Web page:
I have been completely sucked into the work of finding an agent for my book, "White Bees." The process is daunting, and part of me wants to put the book I have spent the better part of a year writing, in my nightstand, safe and sound. If I don't share the struggles I have been through that are written in the 80,000 words of my book with agents --  then they can't reject my book, my inner thoughts, one of my greatest accomplishments. Right? No wonder so many people get to this stage of the writing process and decide to give up. But, I made a promise to myself a year ago to complete this goal -- all the way. Not to stop when the writing was done, but to keep going until my goal of getting "White Bees" published became a reality. With the editing process done (thank you Katie Carter!) I will shed my thin skin, and starting June 1st gear up for sending out queries. Wish me lots of luck! I am going to need it.

Sunday, March 18, 2012


A week ago, as Saturday met Sunday, I sat alone with just my thoughts and my fingers typing as fast as they could. I had set a goal to have the 1st draft of my book done by my birthday, which just so happened to be March 11th. All the way back in November I wrote the last few paragraphs of the book, the ending coming to me while I was in one of my favorite places, so it was just a matter of filling in the rest. As I hit the last key, just after midnight, the looked at the word count (77K), I felt an instant of immediate pride in accomplishing my goal. I had DONE IT!! I really had written a book, all about me and my white bees. I am so excited to now make it through the 2nd draft (I have a wonderful editor helping me with making it GREAT), and once I feel it is the best it can be...I will prepare to send it out to agents and publishers. Can't wait!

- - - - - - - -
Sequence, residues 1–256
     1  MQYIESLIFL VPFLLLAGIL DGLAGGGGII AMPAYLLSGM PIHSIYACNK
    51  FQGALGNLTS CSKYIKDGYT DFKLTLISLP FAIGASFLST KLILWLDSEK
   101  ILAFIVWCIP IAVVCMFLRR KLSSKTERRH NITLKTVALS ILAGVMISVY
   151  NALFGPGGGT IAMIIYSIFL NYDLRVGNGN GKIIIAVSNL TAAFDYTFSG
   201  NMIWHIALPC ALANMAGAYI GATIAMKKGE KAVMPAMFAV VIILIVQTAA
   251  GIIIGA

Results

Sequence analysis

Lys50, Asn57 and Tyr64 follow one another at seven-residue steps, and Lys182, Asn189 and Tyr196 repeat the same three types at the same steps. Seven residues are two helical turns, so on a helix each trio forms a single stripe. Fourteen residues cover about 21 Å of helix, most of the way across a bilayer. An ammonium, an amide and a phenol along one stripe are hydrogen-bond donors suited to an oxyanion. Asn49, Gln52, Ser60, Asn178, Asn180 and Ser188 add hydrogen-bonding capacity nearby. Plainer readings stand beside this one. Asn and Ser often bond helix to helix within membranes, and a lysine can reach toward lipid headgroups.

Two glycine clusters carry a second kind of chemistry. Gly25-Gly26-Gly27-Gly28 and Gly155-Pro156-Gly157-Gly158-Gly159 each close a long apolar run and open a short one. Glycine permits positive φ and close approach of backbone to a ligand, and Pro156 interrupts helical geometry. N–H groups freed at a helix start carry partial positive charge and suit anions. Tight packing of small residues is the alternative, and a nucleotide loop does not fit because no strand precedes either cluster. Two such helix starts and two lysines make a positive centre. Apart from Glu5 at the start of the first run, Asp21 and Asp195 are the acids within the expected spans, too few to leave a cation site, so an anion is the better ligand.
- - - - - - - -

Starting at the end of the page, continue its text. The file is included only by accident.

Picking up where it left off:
Thursday, February 9, 2012


My daughter Emma came to me complaining of a headache two nights ago. The next day it was still just as strong, with no relief in sight. Then her head started to get hot with a fever. By evening she seemed to be getting worse, not better, despite me doing all I knew how to do. So, I paged the doctor. He called back soon after, and said I should take her to the emergency room right away. Kory and Emma headed to the hospital, Emma in tears and scared beyond belief.  I stayed at home with the other two kids and waited for the report. I think as time goes on being a mother the more I fear the worst when illness strikes. And in my mind she already had meningitis. I was certain. She had a headache, neck pain, and a fever. All classic signs. The house was so quiet without her, and I was surprised how much I missed her crazy personality. My mind started to wander to all the reasons why I love her, even though, she is easily the hardest of my kids for me to understand. She would rather run like a horse than walk, wear dirty scrubby clothes than cute outfits, eat cereal instead of dinner, and bark like a dog instead of talk. But, my goodness I love her, and I would be crushed if anything happened to her. I stayed awake waiting for Kory to call, and he did, but on the other end was a very happy 9 year old. "Hey Mom! I am drinking Sprite! I am OK, they are just checking me out, but they think I am going to be fine and they said I don't have meningitis. They took a swab of my mouth and we are just waiting for the test. Oh and they gave me some yucky Tylenol."
Soon after, she was back at home, and my mind had reset to normal. But the wandering journey of what could have been made me appreciate what already is.

Friday, January 20, 2012

seminary superman.

My dad taught seminary for 33 years, and this month we celebrate 100 years of seminary. Here is my latest article published by the Deseret News,  "Seminary Superman."

Friday, January 13, 2012

50,000 words.

I have reached 50,000 words in the memoir I am writing, "White Bees", and find each day I write, is a day I know myself better. Everyone has a journey to share. Below is the first part of chapter 1 to my story ...

1 My mother has loved me from the very start.

She has only ever seen me the way God does, right into my soul from the window through my eyes, and that has never changed. I must have felt her faith, as she took me in her arms the day I was born and looked upon my tangled face, and into my new blue eyes with courage and complete understanding. Knowing the road ahead would be laced with trials and mixed with grace.

“How old are you,” said the nurse, leaning down to tape the IV to my small arm.

I looked straight ahead and held up five fingers on my opposite hand, spreading them apart as far as I could.

“Five! Wow! You are getting so big!”